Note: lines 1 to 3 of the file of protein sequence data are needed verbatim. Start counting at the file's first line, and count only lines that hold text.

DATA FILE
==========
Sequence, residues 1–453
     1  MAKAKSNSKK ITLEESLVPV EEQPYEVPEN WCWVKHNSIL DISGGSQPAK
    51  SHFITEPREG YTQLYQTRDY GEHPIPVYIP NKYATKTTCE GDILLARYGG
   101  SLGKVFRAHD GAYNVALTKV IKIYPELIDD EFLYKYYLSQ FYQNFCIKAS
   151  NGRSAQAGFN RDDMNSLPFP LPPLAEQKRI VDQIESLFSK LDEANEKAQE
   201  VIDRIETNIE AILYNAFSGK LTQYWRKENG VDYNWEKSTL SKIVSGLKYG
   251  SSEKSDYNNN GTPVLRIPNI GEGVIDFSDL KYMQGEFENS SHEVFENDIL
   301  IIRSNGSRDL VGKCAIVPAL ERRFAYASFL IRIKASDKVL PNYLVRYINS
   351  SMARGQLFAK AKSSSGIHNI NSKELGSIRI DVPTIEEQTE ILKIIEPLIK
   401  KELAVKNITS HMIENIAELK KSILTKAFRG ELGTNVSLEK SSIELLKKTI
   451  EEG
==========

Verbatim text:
Sequence, residues 1–453
     1  MAKAKSNSKK ITLEESLVPV EEQPYEVPEN WCWVKHNSIL DISGGSQPAK
    51  SHFITEPREG YTQLYQTRDY GEHPIPVYIP NKYATKTTCE GDILLARYGG